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Author Topic: Volunteers Help Protect Prehistoric Native-American Mounds in Missouri  (Read 79 times)
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« on: August 26, 2007, 02:49:58 AM »

By Mary Shapiro - Saturday, August 25, 2007 7:24 AM CDT

The Missouri Mound Adoption Project (MO-MAP) founded recently in Chesterfield hopes to use a coalition of volunteers to protect Missouri's remaining prehistoric Native American mounds.

Michael Fuller, professor of anthropology, and Kay Blalock, professor of history, both with St. Louis Community College, supervise and teach students from the community college and the University of Missouri-St. Louis during a Blake Mound Restoration Project workday, a model for the Missouri Mound Adoption Project (MO-MAP) founded recently in Chesterfield.

   "We may not be able to save every one of Missouri's remaining prehistoric Native American mounds, but with volunteers, we can try to save one at a time," said Mark Leach of Chesterfield, a trustee of the Missouri Archaeological Society and a member of the Chesterfield Landmarks Preservation Commission.

   "MO-MAP's approach is modeled after the recent success of the Blake Mound Restoration Project in Chesterfield," Leach said.

   MO-MAP builds on the traditional approach to mound protection -- keeping mound locations confidential, documenting them with state authorities and ensuring protection provided under Missouri's unmarked human burial law, he said.

   The new group's genesis began with a recent experience involving a group of 11 possible mounds in Chesterfield that were endangered by a proposed road project. 
   "Thick foliage has allowed these mounds to remain virtually undetected by the public, even though they are surrounded by schools and subdivisions," Leach said.

   "In December 2001, they were reported to the state," he said. "The possibility of burials associated with these mounds provided potential protection via Missouri's unmarked human burial law."

   But he recently was surprised to learn some Missouri Department of Transportation archaeologists were unaware of the 11 possible mounds in Chesterfield, due to not having access to a particular database.

   "Now, they're aware of those locations and asked me to help pinpoint them," he said.

   Leach soon recorded the GPS coordinates of each of the possible mounds.

   "We were pleased to note no fresh signs of looting at any of the mounds," he said. "However, much to our dismay, I also encountered a major Metropolitan Sewer District (MSD) project taking place in the area.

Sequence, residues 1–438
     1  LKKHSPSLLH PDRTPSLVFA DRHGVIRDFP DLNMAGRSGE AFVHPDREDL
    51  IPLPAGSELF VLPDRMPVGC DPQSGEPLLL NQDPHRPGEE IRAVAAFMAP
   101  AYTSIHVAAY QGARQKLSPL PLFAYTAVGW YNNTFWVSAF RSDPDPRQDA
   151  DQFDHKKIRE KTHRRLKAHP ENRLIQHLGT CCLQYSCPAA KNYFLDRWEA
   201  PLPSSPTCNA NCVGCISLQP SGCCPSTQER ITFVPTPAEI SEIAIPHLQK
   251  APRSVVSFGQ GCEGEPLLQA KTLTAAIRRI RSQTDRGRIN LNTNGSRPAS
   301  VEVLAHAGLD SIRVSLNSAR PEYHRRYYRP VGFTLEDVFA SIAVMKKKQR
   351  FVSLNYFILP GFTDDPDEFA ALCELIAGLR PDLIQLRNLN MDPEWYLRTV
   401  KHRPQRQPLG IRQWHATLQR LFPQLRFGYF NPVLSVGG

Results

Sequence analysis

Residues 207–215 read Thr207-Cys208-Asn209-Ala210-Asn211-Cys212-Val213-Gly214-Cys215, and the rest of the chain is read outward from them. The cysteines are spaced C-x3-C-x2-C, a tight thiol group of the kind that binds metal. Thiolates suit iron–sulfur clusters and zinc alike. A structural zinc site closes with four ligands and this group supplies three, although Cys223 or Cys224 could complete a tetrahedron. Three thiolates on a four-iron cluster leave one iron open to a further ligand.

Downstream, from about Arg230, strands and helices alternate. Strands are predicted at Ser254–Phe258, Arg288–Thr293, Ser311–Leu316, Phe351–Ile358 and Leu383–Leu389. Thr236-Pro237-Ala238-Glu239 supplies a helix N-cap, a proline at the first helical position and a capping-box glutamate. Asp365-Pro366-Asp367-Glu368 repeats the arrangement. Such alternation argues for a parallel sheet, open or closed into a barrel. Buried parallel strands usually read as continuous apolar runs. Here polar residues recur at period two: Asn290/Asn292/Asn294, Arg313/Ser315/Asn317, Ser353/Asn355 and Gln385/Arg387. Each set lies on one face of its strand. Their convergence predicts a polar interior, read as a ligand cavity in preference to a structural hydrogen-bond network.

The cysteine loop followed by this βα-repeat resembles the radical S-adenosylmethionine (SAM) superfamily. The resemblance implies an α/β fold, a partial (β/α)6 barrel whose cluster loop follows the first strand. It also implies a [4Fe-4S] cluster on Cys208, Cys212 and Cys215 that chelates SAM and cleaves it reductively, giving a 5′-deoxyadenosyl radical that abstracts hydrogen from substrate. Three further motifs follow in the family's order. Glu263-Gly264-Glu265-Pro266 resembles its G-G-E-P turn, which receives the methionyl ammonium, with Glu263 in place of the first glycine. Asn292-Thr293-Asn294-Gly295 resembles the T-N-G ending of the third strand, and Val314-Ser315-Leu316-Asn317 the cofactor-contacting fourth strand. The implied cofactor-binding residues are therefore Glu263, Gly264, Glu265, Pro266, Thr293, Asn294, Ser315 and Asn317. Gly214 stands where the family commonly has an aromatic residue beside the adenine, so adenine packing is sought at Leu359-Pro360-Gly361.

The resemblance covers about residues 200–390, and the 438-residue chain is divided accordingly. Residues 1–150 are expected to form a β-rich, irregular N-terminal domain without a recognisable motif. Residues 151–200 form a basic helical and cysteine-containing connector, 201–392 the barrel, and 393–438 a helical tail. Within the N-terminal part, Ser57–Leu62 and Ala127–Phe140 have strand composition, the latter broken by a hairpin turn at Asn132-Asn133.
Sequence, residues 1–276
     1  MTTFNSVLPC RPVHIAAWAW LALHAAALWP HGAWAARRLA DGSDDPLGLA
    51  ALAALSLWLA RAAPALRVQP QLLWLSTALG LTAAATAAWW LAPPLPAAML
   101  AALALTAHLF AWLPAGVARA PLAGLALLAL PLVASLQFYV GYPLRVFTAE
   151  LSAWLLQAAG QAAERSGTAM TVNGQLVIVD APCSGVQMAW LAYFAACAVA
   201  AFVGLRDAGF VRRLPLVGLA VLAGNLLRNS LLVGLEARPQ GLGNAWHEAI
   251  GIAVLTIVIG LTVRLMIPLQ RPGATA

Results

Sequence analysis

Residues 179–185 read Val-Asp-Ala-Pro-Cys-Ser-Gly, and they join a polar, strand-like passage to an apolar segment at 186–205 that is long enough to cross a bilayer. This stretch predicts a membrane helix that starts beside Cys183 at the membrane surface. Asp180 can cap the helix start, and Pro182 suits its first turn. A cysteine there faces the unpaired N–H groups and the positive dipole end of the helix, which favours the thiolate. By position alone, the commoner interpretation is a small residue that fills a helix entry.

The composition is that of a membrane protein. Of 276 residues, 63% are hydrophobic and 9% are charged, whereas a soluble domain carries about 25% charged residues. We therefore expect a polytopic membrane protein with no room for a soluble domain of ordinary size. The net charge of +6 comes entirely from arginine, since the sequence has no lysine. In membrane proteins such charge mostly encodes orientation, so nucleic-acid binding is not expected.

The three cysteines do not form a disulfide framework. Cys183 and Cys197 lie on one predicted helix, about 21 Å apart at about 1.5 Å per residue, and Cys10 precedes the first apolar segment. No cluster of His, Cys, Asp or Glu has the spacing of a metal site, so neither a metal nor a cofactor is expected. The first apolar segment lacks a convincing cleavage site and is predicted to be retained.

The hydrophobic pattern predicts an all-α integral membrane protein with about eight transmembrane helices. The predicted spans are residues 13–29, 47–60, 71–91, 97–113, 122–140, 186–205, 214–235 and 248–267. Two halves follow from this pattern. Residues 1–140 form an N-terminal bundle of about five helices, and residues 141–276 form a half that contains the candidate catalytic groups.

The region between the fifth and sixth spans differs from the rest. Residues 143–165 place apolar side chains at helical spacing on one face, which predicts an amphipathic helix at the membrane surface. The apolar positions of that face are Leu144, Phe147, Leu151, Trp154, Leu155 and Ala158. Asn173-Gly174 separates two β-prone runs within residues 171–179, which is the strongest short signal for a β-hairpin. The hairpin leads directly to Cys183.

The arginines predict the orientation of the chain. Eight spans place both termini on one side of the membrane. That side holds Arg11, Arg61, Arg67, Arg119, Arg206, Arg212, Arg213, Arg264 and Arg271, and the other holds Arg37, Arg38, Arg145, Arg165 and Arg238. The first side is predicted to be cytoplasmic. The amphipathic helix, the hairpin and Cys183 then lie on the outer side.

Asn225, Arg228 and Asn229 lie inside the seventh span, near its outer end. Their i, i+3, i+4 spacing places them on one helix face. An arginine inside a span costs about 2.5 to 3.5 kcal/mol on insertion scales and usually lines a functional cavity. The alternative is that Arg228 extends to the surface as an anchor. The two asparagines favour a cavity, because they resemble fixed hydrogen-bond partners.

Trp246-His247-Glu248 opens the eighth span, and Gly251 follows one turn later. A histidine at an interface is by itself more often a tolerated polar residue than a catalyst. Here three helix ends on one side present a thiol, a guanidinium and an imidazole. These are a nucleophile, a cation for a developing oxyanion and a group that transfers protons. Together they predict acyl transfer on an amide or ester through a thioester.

"Unfortunately, a section of one of the mounds had inadvertently been destroyed," he said.

   Leach said there are simply too many mounds, rock shelters and other sites for professional archaeologists to monitor.

   "Therefore, one by one, many of these sites are being lost," Leach said.

   MO-MAP has one nonprofessional volunteer watching over one mound, under the guidance of professional archaeologists.

    "Adopting a mound means that a volunteer holds the view, 'They may loot or bulldoze every other mound in Missouri, but not this mound, not my mound,'" Leach said.

    Volunteers identify the property owner, educate him/her on Missouri's unmarked burial law and instruct the landowner not to allow anyone, even someone claiming to be an archaeologist, to dig into the mound.

   They also document the mound's location with the state and contact local government, MoDOT, utilities and other entities that may need to be alerted to the mound's location.

   And they work with the property owner to prevent looting and possibly to restore existing damage.

   Joe Harl, an archaeologist with the Archaeological Research Center of St. Louis, praised the new group.

   "This is a great way for the public to help protect our cultural heritage," he said.

   "Mounds are supposed to be protected by state law, but I don't know of anyone prosecuted for damaging them -- though mounds are destroyed daily by looting and construction," Harl said. "Future generations will be grateful for what volunteers do today."

   There are no dues or regular meetings to be part of MO-MAP.

   For more information, contact Leach at (314) 313-5715, or google macquest program and visit the links section, which is called "Dr. Mac's Big Messy Desk," to look for MO-MAP.

   Or visit the Web site http://associations.missouristate.edu/mas/macquest/Desk/indexMOMAP.htm.


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